feeble strong, sound, tough, healthy, substantial, robust, vigorous, sturdy, hale, stalwart
2. flimsy, weak, vulnerable, delicate, fragile, brittle, unsound, wispy, insubstantial, breakable, frangible, slight The frail craft rocked as he clambered in.

frail

adjective
Translations
ضَعيف، واهِنواهٍ
slabýchatrného zdraví
skrøbeligsvagelig
heikko
krhak
gyenge egészségû
veikburîa
かよわい
허약한
trauslsvārs
slaboten
bräcklig
แบบบาง
yếu ớt

frail

[freɪl] ADJ (frailer (compar) (frailest (superl))) [person] → débil; [health] → delicado, frágil; [chair etc] → frágil (fig) [hope] → leve; [relationship] → frágil

frail

[ˈfreɪl] adj
[old person] → frêle
[thing] → fragile

frail

adj (+er)
(= weak) persongebrechlich; healthzart, anfällig; to be in frail healthkränklich sein, gesundheitlich angeschlagen sein; to look frailschwach aussehen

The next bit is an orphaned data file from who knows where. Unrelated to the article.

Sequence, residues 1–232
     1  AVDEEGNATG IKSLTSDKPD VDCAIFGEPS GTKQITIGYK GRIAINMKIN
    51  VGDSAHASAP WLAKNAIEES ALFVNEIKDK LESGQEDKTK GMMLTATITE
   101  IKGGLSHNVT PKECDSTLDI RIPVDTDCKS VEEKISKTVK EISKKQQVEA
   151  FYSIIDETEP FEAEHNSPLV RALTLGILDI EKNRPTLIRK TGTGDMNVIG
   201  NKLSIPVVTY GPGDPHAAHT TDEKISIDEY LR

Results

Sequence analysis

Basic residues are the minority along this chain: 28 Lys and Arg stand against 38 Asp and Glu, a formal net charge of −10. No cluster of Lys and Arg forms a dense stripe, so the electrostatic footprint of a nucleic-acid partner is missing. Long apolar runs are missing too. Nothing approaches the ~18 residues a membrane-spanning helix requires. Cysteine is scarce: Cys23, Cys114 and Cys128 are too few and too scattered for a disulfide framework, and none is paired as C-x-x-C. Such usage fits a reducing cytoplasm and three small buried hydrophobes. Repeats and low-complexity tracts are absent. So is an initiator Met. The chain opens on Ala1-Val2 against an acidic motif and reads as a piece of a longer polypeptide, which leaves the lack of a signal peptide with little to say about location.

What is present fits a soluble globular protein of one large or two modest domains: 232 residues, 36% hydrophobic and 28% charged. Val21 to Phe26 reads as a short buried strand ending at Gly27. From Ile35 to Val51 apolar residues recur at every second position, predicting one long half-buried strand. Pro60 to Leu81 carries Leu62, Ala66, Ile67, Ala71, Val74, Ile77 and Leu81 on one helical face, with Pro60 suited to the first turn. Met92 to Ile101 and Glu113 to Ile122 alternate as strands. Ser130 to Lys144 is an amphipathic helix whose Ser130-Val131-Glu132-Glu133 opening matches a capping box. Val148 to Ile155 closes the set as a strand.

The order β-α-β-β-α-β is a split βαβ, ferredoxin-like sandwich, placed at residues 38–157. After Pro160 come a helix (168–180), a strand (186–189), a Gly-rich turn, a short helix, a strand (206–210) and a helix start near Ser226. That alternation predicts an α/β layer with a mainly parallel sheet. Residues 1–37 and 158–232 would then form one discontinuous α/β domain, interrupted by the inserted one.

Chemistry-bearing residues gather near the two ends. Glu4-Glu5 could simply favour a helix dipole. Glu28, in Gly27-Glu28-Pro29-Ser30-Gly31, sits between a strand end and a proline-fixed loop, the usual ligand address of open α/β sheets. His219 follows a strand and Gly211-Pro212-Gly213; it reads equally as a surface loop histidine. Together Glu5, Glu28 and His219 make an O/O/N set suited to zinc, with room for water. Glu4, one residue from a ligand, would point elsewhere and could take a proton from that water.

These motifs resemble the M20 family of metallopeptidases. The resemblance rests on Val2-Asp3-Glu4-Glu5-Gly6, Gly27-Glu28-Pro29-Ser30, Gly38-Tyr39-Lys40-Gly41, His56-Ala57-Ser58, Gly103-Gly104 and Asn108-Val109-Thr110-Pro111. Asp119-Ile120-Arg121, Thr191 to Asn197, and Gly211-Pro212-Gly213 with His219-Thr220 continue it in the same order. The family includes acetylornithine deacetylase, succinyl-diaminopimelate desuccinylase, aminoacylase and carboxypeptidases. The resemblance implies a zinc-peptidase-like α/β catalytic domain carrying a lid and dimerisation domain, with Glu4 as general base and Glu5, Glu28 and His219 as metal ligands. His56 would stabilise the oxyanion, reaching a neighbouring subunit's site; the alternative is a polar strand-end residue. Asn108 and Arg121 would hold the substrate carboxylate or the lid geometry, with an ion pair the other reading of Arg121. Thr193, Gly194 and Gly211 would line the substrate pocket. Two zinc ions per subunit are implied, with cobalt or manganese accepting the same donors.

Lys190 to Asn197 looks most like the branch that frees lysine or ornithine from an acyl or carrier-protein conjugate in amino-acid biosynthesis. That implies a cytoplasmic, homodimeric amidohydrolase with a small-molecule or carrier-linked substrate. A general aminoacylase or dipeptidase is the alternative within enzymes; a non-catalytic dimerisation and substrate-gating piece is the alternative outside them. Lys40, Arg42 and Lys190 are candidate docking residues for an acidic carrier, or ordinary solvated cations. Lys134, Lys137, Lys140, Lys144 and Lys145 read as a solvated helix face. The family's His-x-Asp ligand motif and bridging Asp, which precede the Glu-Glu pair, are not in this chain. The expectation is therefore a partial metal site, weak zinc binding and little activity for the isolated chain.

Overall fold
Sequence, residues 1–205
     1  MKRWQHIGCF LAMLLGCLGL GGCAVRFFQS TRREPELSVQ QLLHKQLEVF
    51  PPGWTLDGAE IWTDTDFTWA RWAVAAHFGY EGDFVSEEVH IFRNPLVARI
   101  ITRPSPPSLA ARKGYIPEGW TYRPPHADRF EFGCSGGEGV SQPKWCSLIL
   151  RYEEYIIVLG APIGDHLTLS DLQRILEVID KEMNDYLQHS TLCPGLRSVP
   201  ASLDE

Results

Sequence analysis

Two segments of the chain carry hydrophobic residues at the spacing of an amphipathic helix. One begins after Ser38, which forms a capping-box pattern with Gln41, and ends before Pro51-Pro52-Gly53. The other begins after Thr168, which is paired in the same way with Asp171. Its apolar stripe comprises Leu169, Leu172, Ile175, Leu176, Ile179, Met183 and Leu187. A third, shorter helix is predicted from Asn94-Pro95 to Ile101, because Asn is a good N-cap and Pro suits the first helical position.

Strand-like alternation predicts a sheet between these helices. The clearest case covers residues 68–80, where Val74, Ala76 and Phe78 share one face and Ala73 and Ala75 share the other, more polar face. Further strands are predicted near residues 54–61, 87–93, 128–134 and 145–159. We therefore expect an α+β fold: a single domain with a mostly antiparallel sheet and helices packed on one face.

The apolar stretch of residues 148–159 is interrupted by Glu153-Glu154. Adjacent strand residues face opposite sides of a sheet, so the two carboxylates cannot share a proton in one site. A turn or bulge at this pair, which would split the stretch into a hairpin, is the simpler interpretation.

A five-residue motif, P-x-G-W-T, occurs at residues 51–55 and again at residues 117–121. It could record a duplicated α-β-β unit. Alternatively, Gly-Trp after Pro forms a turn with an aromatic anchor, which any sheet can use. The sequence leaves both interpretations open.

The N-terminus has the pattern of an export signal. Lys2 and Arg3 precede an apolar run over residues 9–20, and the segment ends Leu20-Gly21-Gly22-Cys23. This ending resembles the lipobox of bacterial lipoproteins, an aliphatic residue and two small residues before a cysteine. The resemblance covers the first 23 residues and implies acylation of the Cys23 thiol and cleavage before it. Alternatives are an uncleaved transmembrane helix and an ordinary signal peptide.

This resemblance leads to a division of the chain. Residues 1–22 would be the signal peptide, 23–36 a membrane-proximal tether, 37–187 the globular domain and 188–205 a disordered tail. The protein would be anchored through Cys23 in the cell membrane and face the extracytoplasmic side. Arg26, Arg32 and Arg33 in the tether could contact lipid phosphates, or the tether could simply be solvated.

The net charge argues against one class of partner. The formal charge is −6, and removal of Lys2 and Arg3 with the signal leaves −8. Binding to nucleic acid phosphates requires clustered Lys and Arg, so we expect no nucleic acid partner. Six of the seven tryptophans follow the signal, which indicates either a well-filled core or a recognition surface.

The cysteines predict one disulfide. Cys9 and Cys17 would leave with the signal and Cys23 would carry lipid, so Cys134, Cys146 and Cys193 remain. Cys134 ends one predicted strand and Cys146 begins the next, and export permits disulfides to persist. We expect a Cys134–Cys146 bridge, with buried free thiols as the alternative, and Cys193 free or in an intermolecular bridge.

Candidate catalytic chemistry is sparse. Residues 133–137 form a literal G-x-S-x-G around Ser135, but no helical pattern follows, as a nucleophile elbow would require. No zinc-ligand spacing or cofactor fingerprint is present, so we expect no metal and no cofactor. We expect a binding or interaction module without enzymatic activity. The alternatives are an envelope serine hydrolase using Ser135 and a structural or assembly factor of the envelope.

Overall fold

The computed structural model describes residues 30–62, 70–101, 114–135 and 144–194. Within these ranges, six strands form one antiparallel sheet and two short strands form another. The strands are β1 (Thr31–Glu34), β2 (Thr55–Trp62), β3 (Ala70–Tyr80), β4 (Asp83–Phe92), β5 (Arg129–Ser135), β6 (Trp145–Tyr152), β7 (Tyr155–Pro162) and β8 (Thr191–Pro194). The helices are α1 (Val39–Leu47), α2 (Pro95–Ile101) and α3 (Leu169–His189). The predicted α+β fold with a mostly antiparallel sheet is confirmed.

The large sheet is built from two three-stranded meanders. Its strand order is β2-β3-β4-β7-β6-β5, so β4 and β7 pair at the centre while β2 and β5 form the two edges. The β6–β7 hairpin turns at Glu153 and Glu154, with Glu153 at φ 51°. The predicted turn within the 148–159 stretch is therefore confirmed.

(= fragile) structurefragil; boat, aircraftleicht gebaut; (fig) hopeschwach; egolabil; happiness is a frail commodityGlück ist eine unsichere Angelegenheit

frail

[freɪl] adj (-er (comp) (-est (superl))) (person, health, structure) → fragile, delicato/a (fig) (hope, relationship) → tenue, debole

frail

(freil) adjective
weak, especially in health. a frail old lady.
ˈfrailtyplural ˈfrailties noun
physical weakness or (a) moral failing. She loved him in spite of his frailties.

frail

واهٍ slabý skrøbelig schwach ευπαθής débil heikko frêle krhak fragile かよわい 허약한 zwak skjør kruchy frágil хилый bräcklig แบบบาง hastalıklı yếu ớt 虚弱的

frail

adj frágil, débil
References in classic literature ?
The other seems to draw its strength from the very soul of the world, its formidable ally, held to obedience by the frailest bonds, like a fierce ghost captured in a snare of something even finer than spun silk.